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What is the difference between oil-packed and water-packed canned fish?

Tuna, salmon, sardines, crabs, clams, mackerel and other fish are canned in water or oil, typically vegetable or olive oil. Even when the oil is drained, fish in oil has significantly more (mostly unsaturated) fat than water-packed varieties. A 3-ounce portion of water-packed drained tuna has 1 gram of fat, while the oil-packed variety has 7 grams.

With oil-packed canned fish, some omega-3 fatty acids are transferred to the oil, which may wind up being discarded.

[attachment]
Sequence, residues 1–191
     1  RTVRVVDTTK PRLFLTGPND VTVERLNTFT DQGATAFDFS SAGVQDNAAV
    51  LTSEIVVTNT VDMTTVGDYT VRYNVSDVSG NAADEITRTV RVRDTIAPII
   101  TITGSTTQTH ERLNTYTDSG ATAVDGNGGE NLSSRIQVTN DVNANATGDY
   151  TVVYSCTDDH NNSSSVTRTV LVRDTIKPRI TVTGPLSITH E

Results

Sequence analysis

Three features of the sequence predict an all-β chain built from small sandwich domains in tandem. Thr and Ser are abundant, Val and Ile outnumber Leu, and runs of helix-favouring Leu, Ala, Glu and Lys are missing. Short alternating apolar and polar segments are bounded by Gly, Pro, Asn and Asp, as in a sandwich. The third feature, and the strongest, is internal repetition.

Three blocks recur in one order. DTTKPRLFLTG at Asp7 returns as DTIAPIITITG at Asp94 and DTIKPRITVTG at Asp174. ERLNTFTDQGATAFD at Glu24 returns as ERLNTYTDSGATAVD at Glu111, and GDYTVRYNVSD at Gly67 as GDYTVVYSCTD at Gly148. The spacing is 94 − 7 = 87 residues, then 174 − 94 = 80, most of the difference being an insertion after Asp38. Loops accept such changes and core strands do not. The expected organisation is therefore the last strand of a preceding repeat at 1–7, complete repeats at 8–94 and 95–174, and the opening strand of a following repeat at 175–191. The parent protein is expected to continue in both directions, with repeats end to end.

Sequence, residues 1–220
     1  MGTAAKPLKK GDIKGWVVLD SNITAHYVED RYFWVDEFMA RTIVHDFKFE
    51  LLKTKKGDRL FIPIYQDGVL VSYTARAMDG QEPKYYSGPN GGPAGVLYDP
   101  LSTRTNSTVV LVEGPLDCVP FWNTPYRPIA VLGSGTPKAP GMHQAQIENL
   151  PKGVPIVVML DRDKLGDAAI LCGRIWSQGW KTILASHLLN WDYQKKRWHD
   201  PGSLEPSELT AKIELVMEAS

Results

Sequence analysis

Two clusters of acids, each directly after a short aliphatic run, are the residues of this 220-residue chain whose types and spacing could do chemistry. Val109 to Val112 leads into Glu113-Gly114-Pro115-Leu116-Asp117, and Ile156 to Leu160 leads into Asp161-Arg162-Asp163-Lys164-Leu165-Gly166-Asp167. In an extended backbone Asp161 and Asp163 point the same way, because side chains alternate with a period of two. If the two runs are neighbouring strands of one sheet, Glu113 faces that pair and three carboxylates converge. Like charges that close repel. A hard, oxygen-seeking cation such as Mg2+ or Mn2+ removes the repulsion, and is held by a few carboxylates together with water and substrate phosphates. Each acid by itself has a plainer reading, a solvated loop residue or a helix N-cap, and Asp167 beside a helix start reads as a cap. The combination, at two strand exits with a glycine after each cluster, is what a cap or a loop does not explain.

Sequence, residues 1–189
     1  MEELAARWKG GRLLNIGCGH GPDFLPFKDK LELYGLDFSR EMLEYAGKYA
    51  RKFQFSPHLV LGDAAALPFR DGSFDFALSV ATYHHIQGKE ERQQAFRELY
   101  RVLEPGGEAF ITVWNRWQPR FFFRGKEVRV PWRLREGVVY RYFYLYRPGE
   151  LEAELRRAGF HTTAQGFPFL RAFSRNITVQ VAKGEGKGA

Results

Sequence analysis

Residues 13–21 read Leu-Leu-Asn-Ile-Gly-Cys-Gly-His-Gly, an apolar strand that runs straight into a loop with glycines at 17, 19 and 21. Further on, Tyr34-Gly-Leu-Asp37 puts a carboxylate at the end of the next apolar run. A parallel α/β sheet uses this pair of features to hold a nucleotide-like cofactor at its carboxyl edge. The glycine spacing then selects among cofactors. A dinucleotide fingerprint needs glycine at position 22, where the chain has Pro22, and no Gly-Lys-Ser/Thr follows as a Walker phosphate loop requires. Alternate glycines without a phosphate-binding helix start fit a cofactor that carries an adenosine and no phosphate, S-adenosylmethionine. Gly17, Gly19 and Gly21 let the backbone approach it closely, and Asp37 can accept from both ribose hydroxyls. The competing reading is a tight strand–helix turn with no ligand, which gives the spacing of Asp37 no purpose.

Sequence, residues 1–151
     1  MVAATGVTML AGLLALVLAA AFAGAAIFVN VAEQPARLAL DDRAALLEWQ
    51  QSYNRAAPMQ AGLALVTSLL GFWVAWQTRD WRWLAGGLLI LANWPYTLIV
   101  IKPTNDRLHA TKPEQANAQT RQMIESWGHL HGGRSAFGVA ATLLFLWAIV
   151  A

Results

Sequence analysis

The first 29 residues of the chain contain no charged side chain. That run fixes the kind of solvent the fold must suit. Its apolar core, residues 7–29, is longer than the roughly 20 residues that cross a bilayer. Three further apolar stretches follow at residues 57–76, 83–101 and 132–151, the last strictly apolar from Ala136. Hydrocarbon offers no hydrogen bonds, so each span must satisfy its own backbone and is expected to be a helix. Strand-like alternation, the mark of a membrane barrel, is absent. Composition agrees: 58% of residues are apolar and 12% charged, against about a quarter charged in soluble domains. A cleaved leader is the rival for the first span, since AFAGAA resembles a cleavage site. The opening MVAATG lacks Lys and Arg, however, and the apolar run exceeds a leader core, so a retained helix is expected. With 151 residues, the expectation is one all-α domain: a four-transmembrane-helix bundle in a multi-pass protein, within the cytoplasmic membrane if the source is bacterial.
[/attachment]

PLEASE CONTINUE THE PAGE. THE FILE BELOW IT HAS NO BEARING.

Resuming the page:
Besides the fat and calorie difference, fish packed in spring water have a milder flavor, but a drier texture. Also look for fish in shelf-stable pouches.

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Important: This content reflects information from various individuals and organizations and may offer alternative or opposing points of view. It should not be used for medical advice, diagnosis or treatment. As always, you should consult with your healthcare provider about your specific health needs.